To get an idea of your load requirement simply add up all the current rating of the equipment loads, but remember that the rating plate on the equipment is usually a conservative value. Try NOT to run heaters and any other energy-inefficient equipment as this will add major money to your budget requirement. Keep it to lights and controllers, even small pumps.


Now we know the load requirement we have to choose the inverter size, using the 80-90% rule.


Battery current:

The key issue here is that ALL inverters run at a low efficiency of typically 85% and this will affect your battery sizing dramatically. For all power out there must be power in and in this case the best case is:


Power In = Power Out / 0.85



i.e. 2000 watts of power out equates to 2352 watts of power in



As an indication a 2000 watt AC load (8.7 amp AC) will draw 196 amps from the battery supply, at a nominal 12Vdc, and 217 amps when the batteries are going flat (10.8 Vdc). If one looks at the typical discharge characteristics of say a Delco 105A/hr battery you will see that this battery will provide a discharge current of 200amps for 6-minutes, and this is probably not what you were expecting eh ? The solution to this low back-up time (sometimes referred to by the purists as “autonomy time”) is to parallel this battery with others of the same type and manufacturer. Adding say 3 more Delco 105A/hr batteries to make up a bank of four will have the effect of this nominal 200 amp load being shared across each battery thus the discharge current per battery will be 200/4 = 50 amps. If you look at the battery discharge tables now it will state that a load of 50 amps will give you 60-minutes ! Quite a difference, 10 times the back-up time for 4 times the batteries.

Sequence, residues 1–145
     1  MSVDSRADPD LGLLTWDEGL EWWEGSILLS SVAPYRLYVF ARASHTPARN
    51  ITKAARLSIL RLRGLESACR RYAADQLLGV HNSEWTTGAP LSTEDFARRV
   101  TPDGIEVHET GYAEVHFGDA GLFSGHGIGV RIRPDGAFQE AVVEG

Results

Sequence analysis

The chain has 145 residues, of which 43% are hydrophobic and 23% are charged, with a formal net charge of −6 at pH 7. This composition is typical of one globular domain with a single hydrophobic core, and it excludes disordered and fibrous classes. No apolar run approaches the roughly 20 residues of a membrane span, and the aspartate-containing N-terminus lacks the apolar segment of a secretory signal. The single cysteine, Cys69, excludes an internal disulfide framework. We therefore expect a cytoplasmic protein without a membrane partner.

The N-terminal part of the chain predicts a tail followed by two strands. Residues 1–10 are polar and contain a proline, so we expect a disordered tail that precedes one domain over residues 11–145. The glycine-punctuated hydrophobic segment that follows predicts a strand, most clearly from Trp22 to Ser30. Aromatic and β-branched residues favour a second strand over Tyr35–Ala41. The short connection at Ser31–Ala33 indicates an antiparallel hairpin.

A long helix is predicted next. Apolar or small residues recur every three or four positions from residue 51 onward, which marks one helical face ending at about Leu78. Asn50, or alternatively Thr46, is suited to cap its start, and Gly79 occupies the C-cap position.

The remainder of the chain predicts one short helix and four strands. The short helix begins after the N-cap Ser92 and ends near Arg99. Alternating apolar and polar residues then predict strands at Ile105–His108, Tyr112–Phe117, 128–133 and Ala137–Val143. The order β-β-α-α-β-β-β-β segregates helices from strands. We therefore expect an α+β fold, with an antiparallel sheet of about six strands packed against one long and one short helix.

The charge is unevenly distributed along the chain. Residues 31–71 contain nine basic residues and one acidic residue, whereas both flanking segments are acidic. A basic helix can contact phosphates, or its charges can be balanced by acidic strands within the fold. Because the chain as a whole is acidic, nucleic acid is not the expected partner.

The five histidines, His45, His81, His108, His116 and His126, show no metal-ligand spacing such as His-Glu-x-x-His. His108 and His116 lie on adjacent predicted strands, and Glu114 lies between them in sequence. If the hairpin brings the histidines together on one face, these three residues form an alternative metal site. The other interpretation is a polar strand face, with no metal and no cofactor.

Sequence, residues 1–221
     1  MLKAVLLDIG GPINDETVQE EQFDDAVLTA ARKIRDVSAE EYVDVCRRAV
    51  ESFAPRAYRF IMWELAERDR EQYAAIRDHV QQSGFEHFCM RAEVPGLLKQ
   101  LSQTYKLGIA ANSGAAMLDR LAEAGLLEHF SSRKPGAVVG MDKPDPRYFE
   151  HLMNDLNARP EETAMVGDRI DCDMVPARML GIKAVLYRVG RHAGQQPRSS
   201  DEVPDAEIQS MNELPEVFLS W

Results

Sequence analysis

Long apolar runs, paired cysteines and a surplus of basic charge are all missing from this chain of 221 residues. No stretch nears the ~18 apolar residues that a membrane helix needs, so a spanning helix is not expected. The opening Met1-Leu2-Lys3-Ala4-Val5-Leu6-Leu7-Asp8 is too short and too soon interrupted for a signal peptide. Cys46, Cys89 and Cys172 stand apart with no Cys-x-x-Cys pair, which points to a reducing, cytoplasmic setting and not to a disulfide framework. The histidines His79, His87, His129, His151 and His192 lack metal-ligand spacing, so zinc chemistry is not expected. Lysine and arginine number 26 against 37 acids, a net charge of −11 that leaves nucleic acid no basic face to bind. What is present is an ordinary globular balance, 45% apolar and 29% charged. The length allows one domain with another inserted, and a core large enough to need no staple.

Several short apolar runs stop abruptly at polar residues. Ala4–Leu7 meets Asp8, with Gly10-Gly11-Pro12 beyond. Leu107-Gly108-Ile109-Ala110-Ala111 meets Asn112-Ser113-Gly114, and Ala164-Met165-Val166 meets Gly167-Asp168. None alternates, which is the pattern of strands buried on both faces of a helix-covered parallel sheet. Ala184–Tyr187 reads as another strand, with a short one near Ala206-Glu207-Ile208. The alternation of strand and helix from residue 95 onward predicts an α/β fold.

The next problem:

Whilst you now have a system that will provide your 2000 watt load with power for 45-minutes what happens when the utility power returns to normal, you now have to recharge the batteries, and this is where everyone falls into the bigger pit.


ALL batteries need to be recharged correctly, at the right level, else they will fail sooner or later. Here too small a recharge rate is almost as bad as too high a recharge rate. The “rule of thumb” here is that the charge current is the A/Hr capacity / 10 or, in the case of the Delco 105A/hr – 10amps. Remember here that we now have, in this example anyway, 4 batteries in parallel and thus EACH battery requires 10 amps of recharge current – a total of 40 amps. Now find a charger that will handle 12Vdc @ 40 amps and you will find that they are equally as expensive as the inverter was in the first place. Life is never easy is it ?


There are suppliers around that will supply you with a high current charger but you must still remember that the A/hr / 10 recharge rate (or C/10 for short) is to be applied for 8-10 hours in order that the batteries are charged to at least a 90% level. If this time is not adhered to the next time the mains utility fails you will probably only get 30-minutes instead of your original 45.


The last pitfall:

Please remember that most inverters do not like being turned on when a load is connected and as such turn on the inverter first before applying the load. Severe, and expensive, damage will occur if this procedure is not adhered to.



An automatic battery calculator can be found at that takes into account inverter efficiencies and charging current.

Last Updated on Sunday, 25 April 2010 07:54